Not long ago, before the disease became omnipresent, he continued to maintain the unbreakable bonds of friendship he had established within the Gray and Black club. With a group of kids in their seventies, funny and unconventional, he was even preparing for the club’s centenary for 2023 against a backdrop of parodies, songs and sketches that were not necessarily clear… The fiftieth anniversary, renamed Persépolissonade because the Shah of Iran had celebrated some time before the 2,500 years of the Persian Empire, had not been sad and this new jubilee does not intend to engender melancholy either Jean-Louis had tasted high-level sport, in other times, certainly more human, establishing for example a record of Provence Juniors in the 400 meters which was to remain standing for twenty years. But in fact, he excelled in a myriad of sports, thanks to physical qualities well above average and also through his ability to adapt.

Football, cross-country skiing or windsurfing saw him make astonishing progress in a very short time, according to his passions of the moment. Within the newspaper, however, his favorite disciplines were always athletics and rugby in which he found the true values ​​of capital sport, the one he always tried to defend. It was also an opportunity for him to approach and perfectly imitate Daniel Herrero, the prophet with the blindfold of the Rugby Club of Toulon, in his famous oratorical flights… Without forgetting to recall in passing that the famous Pilou Pilou , battle cry preceding all the meetings in Mayol, was not born on the edge of the Rade but that he had been “imported” to Toulon by Marcel Bodrero, rugby player at Smuc in the 1930s. Jean-Louis was a man of talent(s) who also adored French song, more particularly Brel and Brassens, of which, lately, he had been humming, more than usual, verses evoking this last rendezvous that he saw approaching with a incredible firmness.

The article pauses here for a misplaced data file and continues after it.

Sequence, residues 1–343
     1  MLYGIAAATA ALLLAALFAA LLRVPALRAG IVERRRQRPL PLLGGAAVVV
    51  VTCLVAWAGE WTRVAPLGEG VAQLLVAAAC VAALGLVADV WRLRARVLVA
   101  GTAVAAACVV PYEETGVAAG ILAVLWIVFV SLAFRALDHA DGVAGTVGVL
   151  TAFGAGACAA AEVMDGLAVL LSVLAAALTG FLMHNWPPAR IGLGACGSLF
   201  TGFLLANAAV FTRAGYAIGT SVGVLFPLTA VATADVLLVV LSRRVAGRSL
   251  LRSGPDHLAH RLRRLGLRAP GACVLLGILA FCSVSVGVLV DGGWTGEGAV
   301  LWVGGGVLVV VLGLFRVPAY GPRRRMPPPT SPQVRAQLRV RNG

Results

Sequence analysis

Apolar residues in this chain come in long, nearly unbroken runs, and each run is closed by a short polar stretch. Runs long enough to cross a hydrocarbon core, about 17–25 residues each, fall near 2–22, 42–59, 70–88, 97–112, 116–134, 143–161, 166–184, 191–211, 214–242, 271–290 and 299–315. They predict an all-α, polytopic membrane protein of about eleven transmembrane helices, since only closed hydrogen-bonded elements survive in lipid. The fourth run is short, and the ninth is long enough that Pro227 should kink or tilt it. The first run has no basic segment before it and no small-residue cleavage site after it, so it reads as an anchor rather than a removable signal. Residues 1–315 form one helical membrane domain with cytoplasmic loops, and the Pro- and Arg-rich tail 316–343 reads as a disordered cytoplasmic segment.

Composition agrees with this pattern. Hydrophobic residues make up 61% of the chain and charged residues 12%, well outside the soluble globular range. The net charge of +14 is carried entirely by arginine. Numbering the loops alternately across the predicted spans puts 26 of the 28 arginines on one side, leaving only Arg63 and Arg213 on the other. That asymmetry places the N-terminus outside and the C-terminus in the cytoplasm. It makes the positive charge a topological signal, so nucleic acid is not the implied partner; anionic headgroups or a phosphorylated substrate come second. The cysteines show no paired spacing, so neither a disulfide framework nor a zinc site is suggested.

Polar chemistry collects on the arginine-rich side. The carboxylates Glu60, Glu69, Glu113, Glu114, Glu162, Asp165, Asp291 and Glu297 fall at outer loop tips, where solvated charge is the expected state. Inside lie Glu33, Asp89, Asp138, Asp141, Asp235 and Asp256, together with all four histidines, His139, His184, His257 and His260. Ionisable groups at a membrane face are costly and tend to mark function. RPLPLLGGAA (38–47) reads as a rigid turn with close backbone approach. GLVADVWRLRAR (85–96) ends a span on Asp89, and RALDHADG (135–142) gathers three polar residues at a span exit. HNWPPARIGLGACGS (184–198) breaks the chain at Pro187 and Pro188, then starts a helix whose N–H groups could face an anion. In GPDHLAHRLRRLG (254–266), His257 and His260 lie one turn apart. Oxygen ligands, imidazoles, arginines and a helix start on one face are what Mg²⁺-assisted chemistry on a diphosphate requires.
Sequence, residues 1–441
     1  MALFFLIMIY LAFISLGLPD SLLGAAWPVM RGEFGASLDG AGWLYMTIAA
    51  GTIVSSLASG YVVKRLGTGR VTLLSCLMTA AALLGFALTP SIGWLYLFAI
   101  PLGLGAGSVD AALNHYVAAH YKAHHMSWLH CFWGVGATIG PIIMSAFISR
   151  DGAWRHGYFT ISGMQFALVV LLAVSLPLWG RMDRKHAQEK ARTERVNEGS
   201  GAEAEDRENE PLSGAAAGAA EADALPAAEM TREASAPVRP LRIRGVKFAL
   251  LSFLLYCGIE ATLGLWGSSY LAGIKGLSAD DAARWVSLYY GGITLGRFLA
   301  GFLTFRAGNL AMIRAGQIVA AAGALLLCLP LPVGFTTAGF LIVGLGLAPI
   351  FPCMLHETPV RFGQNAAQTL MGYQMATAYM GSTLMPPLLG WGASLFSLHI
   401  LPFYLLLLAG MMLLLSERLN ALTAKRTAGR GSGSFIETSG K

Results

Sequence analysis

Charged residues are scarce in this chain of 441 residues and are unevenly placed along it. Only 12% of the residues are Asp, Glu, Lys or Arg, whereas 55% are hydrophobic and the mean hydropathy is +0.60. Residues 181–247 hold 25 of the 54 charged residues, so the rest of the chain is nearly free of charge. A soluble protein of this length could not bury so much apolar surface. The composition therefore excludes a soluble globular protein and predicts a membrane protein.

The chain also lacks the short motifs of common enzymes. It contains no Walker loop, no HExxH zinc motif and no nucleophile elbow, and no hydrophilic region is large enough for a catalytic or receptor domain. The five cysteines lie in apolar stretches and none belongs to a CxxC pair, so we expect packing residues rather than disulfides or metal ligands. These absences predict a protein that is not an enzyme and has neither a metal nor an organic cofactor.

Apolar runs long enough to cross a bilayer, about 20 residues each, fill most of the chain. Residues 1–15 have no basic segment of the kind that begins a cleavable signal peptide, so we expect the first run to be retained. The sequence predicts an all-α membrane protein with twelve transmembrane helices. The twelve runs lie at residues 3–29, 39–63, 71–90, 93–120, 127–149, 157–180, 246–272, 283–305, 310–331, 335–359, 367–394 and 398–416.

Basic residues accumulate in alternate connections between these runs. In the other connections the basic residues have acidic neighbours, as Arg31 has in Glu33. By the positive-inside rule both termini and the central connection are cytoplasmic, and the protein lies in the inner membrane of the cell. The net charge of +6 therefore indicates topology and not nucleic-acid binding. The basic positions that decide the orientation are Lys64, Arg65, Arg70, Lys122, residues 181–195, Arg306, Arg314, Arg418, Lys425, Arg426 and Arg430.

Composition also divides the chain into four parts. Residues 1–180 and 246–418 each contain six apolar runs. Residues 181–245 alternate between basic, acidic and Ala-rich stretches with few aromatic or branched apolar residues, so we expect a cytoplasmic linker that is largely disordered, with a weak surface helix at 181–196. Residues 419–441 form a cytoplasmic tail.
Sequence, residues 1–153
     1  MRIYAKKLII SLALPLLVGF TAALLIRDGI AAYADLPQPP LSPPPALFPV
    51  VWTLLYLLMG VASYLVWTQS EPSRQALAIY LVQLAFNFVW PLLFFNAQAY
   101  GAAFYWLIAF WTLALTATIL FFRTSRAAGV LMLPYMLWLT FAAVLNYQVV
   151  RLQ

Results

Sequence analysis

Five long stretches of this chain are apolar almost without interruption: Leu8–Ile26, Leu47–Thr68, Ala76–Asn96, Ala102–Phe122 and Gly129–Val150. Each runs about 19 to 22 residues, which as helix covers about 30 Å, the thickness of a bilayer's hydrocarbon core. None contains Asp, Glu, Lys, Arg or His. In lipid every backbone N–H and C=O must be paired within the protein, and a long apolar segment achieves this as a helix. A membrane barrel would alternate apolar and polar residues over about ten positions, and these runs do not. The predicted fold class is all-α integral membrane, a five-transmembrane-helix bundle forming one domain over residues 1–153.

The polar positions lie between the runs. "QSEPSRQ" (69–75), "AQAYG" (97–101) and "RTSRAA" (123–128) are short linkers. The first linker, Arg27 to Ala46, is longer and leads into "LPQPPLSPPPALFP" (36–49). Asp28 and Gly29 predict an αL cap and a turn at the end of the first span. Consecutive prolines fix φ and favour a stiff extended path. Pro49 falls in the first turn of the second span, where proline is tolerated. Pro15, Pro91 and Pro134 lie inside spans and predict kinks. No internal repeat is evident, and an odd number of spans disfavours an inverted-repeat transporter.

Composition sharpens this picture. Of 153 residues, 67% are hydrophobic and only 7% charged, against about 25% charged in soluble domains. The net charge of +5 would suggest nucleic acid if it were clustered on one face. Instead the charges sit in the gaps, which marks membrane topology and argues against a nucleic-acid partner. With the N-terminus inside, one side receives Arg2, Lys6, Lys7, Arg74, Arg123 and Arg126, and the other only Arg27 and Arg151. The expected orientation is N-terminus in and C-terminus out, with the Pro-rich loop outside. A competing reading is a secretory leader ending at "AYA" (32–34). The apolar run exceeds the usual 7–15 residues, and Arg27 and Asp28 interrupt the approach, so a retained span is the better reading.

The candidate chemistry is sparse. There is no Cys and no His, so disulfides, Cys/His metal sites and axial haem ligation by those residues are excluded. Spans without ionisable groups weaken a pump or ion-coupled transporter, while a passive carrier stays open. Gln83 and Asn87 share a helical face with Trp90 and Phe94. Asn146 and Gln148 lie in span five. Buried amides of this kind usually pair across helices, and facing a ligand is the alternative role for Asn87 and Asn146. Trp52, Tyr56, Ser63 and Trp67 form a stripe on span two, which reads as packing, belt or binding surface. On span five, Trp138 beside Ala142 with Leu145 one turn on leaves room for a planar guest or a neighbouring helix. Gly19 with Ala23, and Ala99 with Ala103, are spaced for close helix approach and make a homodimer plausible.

“It’s hard to die in the spring, you know, But I want us to laugh, I want us to dance”chanted the Grand Jacques with him, while Tonton Georges, with that black humor which is said to be the politeness of despair, will have brought him back to the end towards the tradition of student farce…

“Goodbye fake shins, cardboard skulls. No more funeral marches to the sound of kazoos. At the grand ball of the Quat’z’arts we will no longer go dancing. The real funerals have just begun”.

The funeral will take place on Tuesday May 17: at 10:30 a.m. for those who want to say a last farewell to him at the Bon Pasteur retirement home, 23 avenue de la colline Saint-Joseph Marseille 9th. Then at 2 p.m. at the Aubagne crematorium.

André Giraud, President of the French Athletics Federation: “It is with great sadness that I learn of the death of Jean-Louis Korb, an excellent sports journalist, passionate about athletics and himself an athlete during the heyday of the SMUC. Jean-Louis covered our Marseille for 20 years -Cassis and he had written the 20th anniversary book. With our entire large athletics family, I join in the pain of his loved ones and send my deepest condolences to his family.”